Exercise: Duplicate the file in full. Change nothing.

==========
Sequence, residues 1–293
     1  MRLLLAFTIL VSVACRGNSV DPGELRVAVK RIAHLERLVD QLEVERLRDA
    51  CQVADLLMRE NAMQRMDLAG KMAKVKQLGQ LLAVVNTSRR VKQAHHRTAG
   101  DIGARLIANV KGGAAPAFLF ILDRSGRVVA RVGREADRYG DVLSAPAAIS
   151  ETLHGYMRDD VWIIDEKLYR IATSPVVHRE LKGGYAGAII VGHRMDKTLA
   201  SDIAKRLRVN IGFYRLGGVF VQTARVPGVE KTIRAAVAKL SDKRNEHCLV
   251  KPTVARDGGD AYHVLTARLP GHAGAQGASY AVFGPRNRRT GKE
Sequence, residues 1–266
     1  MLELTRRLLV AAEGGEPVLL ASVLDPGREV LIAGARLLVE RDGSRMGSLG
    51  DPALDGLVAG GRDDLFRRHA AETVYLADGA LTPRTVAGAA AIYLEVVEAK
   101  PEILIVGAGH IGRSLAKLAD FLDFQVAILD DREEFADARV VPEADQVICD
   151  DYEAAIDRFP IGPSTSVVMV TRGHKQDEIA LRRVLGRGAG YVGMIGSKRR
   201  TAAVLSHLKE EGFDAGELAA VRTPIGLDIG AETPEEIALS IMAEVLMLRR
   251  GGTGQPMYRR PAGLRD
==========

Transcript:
Sequence, residues 1–293
     1  MRLLLAFTIL VSVACRGNSV DPGELRVAVK RIAHLERLVD QLEVERLRDA
    51  CQVADLLMRE NAMQRMDLAG KMAKVKQLGQ LLAVVNTSRR VKQAHHRTAG
   101  DIGARLIANV KGGAAPAFLF ILDRSGRVVA RVGREADRYG DVLSAPAAIS
   151  ETLHGYMRDD VWIIDEKLYR IATSPVVHRE LKGGYAGAII VGHRMDKTLA
   201  SDIAKRLRVN IGFYRLGGVF VQTARVPGVE KTIRAAVAKL SDKRNEHCLV
   251  KPTVARDGGD AYHVLTARLP GHAGAQGASY AVFGPRNRRT GKE
Sequence, residues 1–266
     1  MLELTRRLLV AAEGGEPVLL ASVLDPGREV LIAGARLLVE RDGSRMGSLG
    51  DPALDGLVAG GRDDLFRRHA AETVYLADGA LTPRTVAGAA AIYLEVVEAK
   101  PEILIVGAGH IGRSLAKLAD FLDFQVAILD DREEFADARV VPEADQVICD
   151  DYEAAIDRFP IGPSTSVVMV TRGHKQDEIA LRRVLGRGAG YVGMIGSKRR
   201  TAAVLSHLKE EGFDAGELAA VRTPIGLDIG AETPEEIALS IMAEVLMLRR
   251  GGTGQPMYRR PAGLRD